So for my application, the CCK-W should work fine? I think I get what you are saying. With a SWM install, the MRV isn't being passed through the wireless, it is still stacked on the coax via DECA. The wireless is only for D* Cinema and other internet-related functions. Is that a correct interpretation?

If that's the case, I think I will go that route and see what I can finagle D* out of in the way of receivers. I think I have fulfilled my 2-year agreement so maybe I can use that as leverage. Its frustrating how much better new customers are treated compared to loyal existing subscribers.

Oh thought of another couple questions. With this, I still need the power inserter for the SWM LNB, correct? I currently have the PI behind my HR22, so on which side of the CCK-W would it go - LNB side or receiver side? Or does it matter?

Lastly, does the CCK-W eliminate the need for a DECA power inserter?
post #142 of 240
Quote:
Originally Posted by LipschitzWrath View Post

So for my application, the CCK-W should work fine? I think I get what you are saying. With a SWM install, the MRV isn't being passed through the wireless, it is still stacked on the coax via DECA. The wireless is only for D* Cinema and other internet-related functions. Is that a correct interpretation?

If that's the case, I think I will go that route and see what I can finagle D* out of in the way of receivers. I think I have fulfilled my 2-year agreement so maybe I can use that as leverage. Its frustrating how much better new customers are treated compared to loyal existing subscribers.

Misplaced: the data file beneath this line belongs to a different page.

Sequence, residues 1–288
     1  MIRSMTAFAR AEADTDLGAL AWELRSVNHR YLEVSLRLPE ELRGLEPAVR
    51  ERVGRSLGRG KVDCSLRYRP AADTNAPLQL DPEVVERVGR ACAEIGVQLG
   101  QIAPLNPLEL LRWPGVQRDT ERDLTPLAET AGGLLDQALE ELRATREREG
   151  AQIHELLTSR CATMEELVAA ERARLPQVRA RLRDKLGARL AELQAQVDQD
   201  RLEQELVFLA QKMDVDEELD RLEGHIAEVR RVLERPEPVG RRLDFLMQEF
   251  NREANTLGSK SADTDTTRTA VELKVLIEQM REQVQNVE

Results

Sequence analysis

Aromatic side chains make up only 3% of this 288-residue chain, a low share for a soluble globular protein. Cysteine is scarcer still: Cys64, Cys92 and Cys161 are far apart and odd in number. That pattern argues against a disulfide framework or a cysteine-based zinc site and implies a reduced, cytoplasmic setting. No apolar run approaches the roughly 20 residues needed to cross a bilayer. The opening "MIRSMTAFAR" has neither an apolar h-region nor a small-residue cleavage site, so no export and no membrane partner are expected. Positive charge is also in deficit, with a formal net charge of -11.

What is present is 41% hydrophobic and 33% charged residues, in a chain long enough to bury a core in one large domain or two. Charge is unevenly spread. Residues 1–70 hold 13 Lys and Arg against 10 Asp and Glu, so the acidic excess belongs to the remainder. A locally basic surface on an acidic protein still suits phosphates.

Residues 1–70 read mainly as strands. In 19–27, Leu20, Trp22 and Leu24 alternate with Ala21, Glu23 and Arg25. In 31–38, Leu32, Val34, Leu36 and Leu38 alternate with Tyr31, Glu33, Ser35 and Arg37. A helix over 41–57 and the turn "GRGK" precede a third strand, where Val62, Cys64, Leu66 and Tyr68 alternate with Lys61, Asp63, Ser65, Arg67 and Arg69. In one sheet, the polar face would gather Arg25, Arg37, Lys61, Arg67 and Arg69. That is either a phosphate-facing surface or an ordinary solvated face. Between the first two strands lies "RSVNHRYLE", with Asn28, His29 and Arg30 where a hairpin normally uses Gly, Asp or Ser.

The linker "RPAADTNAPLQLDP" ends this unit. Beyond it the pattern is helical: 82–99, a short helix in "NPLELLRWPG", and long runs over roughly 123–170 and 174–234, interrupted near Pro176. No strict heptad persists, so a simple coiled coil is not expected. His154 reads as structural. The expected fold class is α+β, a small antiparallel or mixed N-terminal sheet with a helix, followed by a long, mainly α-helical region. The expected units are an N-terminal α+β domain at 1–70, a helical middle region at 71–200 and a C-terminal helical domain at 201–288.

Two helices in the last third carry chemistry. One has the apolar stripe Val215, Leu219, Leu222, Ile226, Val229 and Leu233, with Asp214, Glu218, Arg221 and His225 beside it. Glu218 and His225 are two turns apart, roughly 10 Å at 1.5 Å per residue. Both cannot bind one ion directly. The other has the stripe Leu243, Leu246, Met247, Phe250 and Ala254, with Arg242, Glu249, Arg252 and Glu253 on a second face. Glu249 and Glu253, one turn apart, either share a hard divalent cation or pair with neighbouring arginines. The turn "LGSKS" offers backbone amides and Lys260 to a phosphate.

Oh thought of another couple questions. With this, I still need the power inserter for the SWM LNB, correct? I currently have the PI behind my HR22, so on which side of the CCK-W would it go - LNB side or receiver side? Or does it matter?

Lastly, does the CCK-W eliminate the need for a DECA power inserter?

Yes, yes, and I wouldn't run 21 volts through my wireless CCK.
The CCK-W has it's own power cord.
post #143 of 240
Quote:
Originally Posted by veryoldschool View Post

Yes, yes, and I wouldn't run 21 volts through my wireless CCK.
The CCK-W has it's own power cord.

Sorry to be a PITA. So if I use the CCK-W, I will need no other power inserters in the entire system, save for the one I already have in the system for the SWM LNB?

I doubt directv is gonna cut me any deals so I will probably just install the system myself. Is D* currently shipping H25's or are they still passing out H24's? I want the H25 for my entertainment room as I can hide everything behind a wall mounted 52" Sony and have a super clean install.

Oh, and thanks a ton for all of the help!
post #144 of 240
Quote:
Originally Posted by LipschitzWrath View Post

Sorry to be a PITA. So if I use the CCK-W, I will need no other power inserters in the entire system, save for the one I already have in the system for the SWM LNB?

The only "other" power inserter would be for a DECA, and any DECA not powered by the receiver, will have its own power cord.
Quote:


I doubt directv is gonna cut me any deals so I will probably just install the system myself. Is D* currently shipping H25's or are they still passing out H24's? I want the H25 for my entertainment room as I can hide everything behind a wall mounted 52" Sony and have a super clean install.